— Objections centre on emergency access, but campaigners and experts say emergency access can be catered for.
Gardai have denied going against Government on road safety, healthy active travel and climate change by objecting to a 6 months trial of a cycle path in Salthill planned by Galway City Council.
The public consultation submissions from emergency services are among the reasons why 14 Galway City councillors are expected to “backpedal” their support for Salthill cycleway trial when the issue is raised at a council meeting on Monday.
Minister for Transport and Green Party leader, Eamon Ryan, yesterday said: “We can’t keep our heads in the sand and continue to let cars dominate our public spaces. The cycle track in Salthill is a critical opportunity to demonstrate that safer roads and alternatives to cars are a priority across parties in Government.”
In a statement released yesterday on general objections to the cycle route trial, he added: “While Salthill is a very popular destination for families and tourists, it is actually too dangerous for children and families to choose to cycle there at the moment. Galway deserves better. Communities across Ireland deserve better.”
The Government’s Road Safety Strategy — published only two months ago — states that “During 2021–2025, construct 1,000 km of segregated walking and cycling facilities to provide safe cycling and walking arrangements for users of all ages.” While policy on health and climate is also to enable more people to cycle by providing segregated cycle routes, even where that has an impact on motorists.
Gardai told IrishCycle.com that its submission was in line with other emergency services. But at the time of publication the force has not respond to a question on if Gardai accept that it is a legal and common practice for Gardai vehicles to use cycle paths in emergency situations.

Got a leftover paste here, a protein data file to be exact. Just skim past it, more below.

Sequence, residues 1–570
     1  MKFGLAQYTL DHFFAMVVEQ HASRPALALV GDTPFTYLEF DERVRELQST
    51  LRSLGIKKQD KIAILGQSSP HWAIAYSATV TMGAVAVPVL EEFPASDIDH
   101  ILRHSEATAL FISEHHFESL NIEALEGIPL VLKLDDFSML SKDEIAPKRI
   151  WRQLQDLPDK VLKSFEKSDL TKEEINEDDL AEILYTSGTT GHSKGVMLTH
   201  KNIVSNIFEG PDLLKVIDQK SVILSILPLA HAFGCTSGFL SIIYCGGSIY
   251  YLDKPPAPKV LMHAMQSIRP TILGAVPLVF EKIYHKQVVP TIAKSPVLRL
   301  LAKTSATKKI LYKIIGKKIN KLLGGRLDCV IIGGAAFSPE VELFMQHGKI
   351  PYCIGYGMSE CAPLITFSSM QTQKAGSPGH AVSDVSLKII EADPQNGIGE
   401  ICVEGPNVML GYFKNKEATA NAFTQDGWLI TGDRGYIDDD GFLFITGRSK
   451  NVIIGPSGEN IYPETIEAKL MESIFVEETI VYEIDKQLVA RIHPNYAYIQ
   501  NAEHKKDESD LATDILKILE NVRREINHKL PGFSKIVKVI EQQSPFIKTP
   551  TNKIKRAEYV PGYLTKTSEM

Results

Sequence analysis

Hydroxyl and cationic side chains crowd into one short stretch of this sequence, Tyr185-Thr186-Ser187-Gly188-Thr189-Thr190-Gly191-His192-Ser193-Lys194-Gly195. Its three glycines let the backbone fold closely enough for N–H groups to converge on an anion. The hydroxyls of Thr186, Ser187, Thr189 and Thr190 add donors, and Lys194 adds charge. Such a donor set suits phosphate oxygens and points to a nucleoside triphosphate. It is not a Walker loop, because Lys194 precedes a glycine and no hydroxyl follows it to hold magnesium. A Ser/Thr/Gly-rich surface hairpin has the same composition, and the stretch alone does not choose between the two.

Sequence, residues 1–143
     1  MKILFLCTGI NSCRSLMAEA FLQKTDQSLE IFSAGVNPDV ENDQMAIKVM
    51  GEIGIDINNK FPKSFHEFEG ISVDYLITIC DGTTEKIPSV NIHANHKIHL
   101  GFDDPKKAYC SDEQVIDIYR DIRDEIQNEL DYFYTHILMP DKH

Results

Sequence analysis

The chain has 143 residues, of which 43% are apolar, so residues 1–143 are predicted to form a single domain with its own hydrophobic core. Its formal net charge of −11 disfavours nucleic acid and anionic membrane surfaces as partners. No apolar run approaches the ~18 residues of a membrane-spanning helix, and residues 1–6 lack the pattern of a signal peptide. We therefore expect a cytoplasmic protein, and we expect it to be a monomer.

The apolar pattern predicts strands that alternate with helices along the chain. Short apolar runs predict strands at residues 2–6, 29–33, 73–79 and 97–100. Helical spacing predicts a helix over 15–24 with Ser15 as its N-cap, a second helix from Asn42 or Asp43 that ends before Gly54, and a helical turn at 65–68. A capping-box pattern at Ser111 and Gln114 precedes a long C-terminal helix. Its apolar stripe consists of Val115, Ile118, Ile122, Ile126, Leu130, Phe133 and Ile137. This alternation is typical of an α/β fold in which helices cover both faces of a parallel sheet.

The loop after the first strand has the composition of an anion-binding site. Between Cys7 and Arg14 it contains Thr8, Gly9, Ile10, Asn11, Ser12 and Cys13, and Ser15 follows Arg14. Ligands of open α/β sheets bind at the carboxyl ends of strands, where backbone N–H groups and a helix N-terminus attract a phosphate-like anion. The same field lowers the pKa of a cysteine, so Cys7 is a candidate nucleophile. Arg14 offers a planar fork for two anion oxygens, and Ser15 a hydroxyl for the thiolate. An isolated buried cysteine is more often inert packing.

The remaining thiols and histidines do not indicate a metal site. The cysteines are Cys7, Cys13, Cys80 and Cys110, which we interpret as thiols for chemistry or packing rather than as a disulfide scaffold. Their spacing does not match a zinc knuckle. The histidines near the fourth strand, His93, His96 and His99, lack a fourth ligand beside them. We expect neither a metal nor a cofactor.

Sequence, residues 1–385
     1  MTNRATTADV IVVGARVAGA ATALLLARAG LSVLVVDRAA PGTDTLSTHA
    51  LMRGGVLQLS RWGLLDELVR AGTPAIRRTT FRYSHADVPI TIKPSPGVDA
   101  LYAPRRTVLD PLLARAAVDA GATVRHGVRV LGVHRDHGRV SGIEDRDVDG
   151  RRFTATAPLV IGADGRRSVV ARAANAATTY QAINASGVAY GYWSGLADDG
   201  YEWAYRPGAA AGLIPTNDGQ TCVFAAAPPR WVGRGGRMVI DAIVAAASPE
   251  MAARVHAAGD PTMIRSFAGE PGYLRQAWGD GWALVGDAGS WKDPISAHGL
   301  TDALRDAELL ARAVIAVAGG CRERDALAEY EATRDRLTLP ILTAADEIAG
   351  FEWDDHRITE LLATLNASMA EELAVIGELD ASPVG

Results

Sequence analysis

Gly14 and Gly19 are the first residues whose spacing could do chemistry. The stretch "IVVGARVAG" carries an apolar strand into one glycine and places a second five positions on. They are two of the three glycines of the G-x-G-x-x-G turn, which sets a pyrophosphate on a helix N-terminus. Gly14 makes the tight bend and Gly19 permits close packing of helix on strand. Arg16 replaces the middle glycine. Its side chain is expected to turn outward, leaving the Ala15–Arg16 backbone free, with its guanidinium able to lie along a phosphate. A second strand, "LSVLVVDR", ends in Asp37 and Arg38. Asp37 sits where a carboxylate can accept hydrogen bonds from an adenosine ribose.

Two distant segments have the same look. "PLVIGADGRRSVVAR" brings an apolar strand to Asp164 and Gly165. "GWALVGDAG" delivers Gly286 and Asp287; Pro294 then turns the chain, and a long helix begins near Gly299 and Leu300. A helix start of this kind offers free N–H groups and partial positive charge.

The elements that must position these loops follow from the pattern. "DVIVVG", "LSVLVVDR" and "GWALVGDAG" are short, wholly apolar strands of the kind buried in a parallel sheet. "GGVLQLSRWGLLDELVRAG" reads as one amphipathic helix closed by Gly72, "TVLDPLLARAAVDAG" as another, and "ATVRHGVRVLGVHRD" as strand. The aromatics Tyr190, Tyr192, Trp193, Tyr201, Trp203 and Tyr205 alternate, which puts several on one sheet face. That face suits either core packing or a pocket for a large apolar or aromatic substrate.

A submission from the Galway County Council-run fire services centred on implying that staff driving fire engines in emergency situations cannot use cycle tracks — this is factual incorrect. Use of cycle paths by the emergency services in emergency situations is common practice when needed in Dublin, especially on the DLR Costal Mobility Route.
Gardai and the Dublin Fire Brigade regularly use segregated cycle routes when they need to in emergency, such as this example to bypass cars and buses on the Quays in Dublin:
IrishCycle.com asked if Garda Commissioner Drew Harris’s office could please explain why his senior officers in Galway are attempting to undermine national Government policy on road safety, healthy active travel and climate change in relation to the decarbonisation of transport.
The Gardai Press Office yesterday said: “Galway City Council held a public consultation in respect of a proposed cycle route along the R336. An Garda Síochána as a stakeholder with statutory responsibilities would be negligent in not making a formal submission(s) during such a public consultation.”
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“An Garda Síochána submissions were in respect of this public consultation and the design of this particular cycleway only. The submissions are self-explanatory,” a spokesperson said.
The spokesperson said: “An Garda Síochána’s submission was not in relation to Government Policy or the National Road Safety Strategy and does not undermine, nor should be construed to undermine such policies, which An Garda Síochána fully support.”
The Garda Press Office added: “An Garda Síochána submission is similar to that of submissions from other statutory emergency services. The final decision on the design and construction of this scheme is a matter for Galway County Council.”
Last year Gardai distance itself from a submission made under the impression it was a Garda submission in Cork on the Passage West section of the Lee to Sea Greenway.
At the time, the Garda Press Office told this website that: “Formal submissions in relation to this are submitted through the Office of Chief Superintendent, any other submission is deemed a personal submission. An Garda Síochána does not comment on any personal submissions.” The Garda Press Office today did not directly comment on a question of if this policy still applies.
Similarly, in 2012, a senior Garda officer made a submission about cycling infrastructure in Cork City — the claim “This is a Dangerous proposal” was repeated and that the projects “severely hinders the passage of the Emergency Services across the city”, however, a decade after the cycle paths were built, there’s no known issues for emergency access caused by Cork’s cycling infrastructure.